Major investments by global private equity giants such as Advent, Carlyle and KKR in India's contract manufacturing organization sector, amid the pandemic, reflect solid prospects for growth in the country's complex generics and bulk drug manufacturers.
In July this year, the US-based Advent International agreed to acquire a controlling stake in RA Chem Pharma from its parent Micro Labs for an undisclosed sum, while another US-based giant KKR agreed to acquire a 54% stake in JB Chemicals & Pharmaceuticals for $611 million.
The month before that, US private equity major Carlyle acquired a 20% stake in Piramal Pharma for $490 million. And earlier this year, True North invested $100 million to acquire a 2.44% stake in Biocon Biologics.
Driven by favourable government policies, a thriving generic drugs market and a high demand outlook on the horizon driven by the Coronavirus pandemic, India's contract manufacturing organisation (CMO) and pharma markets have swiftly emerged as a rare green shoot of growth amid economic gloom around the world, attracting strong investments from global private equity companies this year.
The reasons for this exuberance are not far to seek.
The Indian CMO market was valued at $9.04 billion in 2019, and is expected to reach $23.72 billion by 2025, registering a robust CAGR of 17.6%, during the period 2020-2025. That staggering prospect of growth is not only due to India's large population base but also due to a sharp rise in demand for injectable drugs, especially in cancer research. With the injectable drugs industry offering substantially higher returns as compared to other drug formulation types, the higher ROI and therapeutic efficiency are expected to boost the growth of the CMO sector in the country.
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According to GlobalData's Pharma Intelligence Center Contract Service Provider database, there are over 1,600 contract manufacturing facilities across almost 1,000 companies in India, with a major potential for private equity investment in the CMO industry.
“In the PE transactions this year, both Advent and KKR have a well-established investment history in India and the recent deals reaffirm the growing interest of private equity firms in the Indian pharmaceutical industry,” said Bhavani Nelavelly, pharma analyst at GlobalData. “From the Piramal, JB Chemicals and RA Chem deals, it is evident that there are growing opportunities in CMO, complex generics and bulk drug manufacturers,” she said.
With increasing focus on the pharma manufacturing sector both due to the pandemic and a renewed focus on Make in India, the government has also rushed to fulfil its obligations by overhauling its pharma regulatory norms and expedite approval process to promote innovation. Given that India is now focused more than ever on developing novel therapies and vaccines on account of the COVID-19 situation, the move will not only remove unnecessary procedural roadblocks but also foster innovation and help attract larger structured investments, say analysts.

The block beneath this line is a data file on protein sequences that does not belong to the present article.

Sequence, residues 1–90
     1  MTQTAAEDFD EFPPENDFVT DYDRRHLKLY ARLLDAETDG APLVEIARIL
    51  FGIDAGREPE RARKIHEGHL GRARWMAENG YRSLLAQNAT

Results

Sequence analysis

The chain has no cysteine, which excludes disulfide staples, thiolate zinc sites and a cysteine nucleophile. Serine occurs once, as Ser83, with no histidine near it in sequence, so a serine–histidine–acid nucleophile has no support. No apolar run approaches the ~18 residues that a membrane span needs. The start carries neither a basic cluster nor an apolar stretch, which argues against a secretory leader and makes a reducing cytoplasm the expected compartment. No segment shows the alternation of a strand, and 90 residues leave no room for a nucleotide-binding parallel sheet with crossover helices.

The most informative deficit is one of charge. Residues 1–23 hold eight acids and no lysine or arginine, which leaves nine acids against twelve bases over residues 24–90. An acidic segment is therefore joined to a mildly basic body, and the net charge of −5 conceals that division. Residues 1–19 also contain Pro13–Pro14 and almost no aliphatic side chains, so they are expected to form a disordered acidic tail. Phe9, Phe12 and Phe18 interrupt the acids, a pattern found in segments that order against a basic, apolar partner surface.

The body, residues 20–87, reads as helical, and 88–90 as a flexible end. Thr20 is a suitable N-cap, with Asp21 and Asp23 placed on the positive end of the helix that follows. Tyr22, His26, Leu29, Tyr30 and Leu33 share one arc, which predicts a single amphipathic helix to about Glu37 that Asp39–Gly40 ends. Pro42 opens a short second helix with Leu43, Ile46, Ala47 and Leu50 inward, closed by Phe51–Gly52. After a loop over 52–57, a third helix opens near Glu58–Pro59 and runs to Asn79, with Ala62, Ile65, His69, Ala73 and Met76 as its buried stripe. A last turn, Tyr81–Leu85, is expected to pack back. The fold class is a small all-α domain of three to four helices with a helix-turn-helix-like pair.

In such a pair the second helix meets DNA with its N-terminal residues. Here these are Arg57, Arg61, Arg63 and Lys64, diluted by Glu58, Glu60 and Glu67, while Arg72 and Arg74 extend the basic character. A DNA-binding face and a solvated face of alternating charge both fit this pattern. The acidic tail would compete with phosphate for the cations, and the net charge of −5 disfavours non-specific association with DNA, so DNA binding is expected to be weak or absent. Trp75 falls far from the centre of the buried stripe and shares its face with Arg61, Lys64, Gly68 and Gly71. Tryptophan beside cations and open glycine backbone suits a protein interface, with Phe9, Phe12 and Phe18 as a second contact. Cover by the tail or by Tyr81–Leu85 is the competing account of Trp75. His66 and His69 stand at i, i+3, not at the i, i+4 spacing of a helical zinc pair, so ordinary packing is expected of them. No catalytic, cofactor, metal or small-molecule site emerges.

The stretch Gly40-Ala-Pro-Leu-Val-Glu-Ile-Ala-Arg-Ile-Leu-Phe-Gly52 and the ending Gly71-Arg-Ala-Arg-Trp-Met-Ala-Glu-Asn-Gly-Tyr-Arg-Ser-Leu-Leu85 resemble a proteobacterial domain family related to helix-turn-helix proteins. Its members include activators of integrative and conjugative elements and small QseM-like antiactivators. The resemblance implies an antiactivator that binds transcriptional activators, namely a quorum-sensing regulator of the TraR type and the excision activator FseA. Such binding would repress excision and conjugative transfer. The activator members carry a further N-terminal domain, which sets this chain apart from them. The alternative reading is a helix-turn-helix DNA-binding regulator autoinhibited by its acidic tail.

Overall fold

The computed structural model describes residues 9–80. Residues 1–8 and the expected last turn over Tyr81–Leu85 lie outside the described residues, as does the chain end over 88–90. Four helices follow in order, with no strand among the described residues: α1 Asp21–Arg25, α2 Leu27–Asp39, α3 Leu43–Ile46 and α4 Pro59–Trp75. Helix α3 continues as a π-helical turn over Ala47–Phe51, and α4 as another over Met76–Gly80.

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In May 2020, a high-level Indian government committee proposed setting up a single-window system to accelerate the approval of new drugs. Accordingly, parallel submission of applications for new drug approval and for grant of import license and manufacturing license will be allowed. Additionally, the Central Drugs Standard Control Organisation (CDSCO) will now be the first designated point of registration for clinical trials of all drugs and vaccines, which is likely to significantly reduce the approval time to as little as three months from 12 months.
“The process overhaul is a paradigm shift from the standard sequential process. The pharma industry in India has long reiterated that there is a need to come up with an agile regulatory system along the lines of those followed in the US and the EU,” said Sasmitha Sahu, pharma analyst at GlobalData.
Add to this the fact that the availability of skilled labour at relatively lower cost drives the Indian pharma and CMO market, and it's not hard to fathom why Advent, Carlyle and others are looking at India as a long-term lucrative source of innovation and profitability.
The scale and scope of the Indian pharma sector becomes clear when compared to the West. The Indian pharma workforce costs about 33% lower than their western counterparts on average. More than 225,000 pharmacy students graduate from India′s education system every year, compared to just about 17,000 pharmacy students graduating in the United States. The Indian Government, through its national skill development program (NDMC), has launched various skill development programs for the healthcare and pharmaceutical industries.
Experts forecast the Indian pharmaceutical market to increase from around $34 billion in 2020 to more than $45 billion by 2025, dovetailing with it a flurry of private equity inflows for the flourishing CMO segment.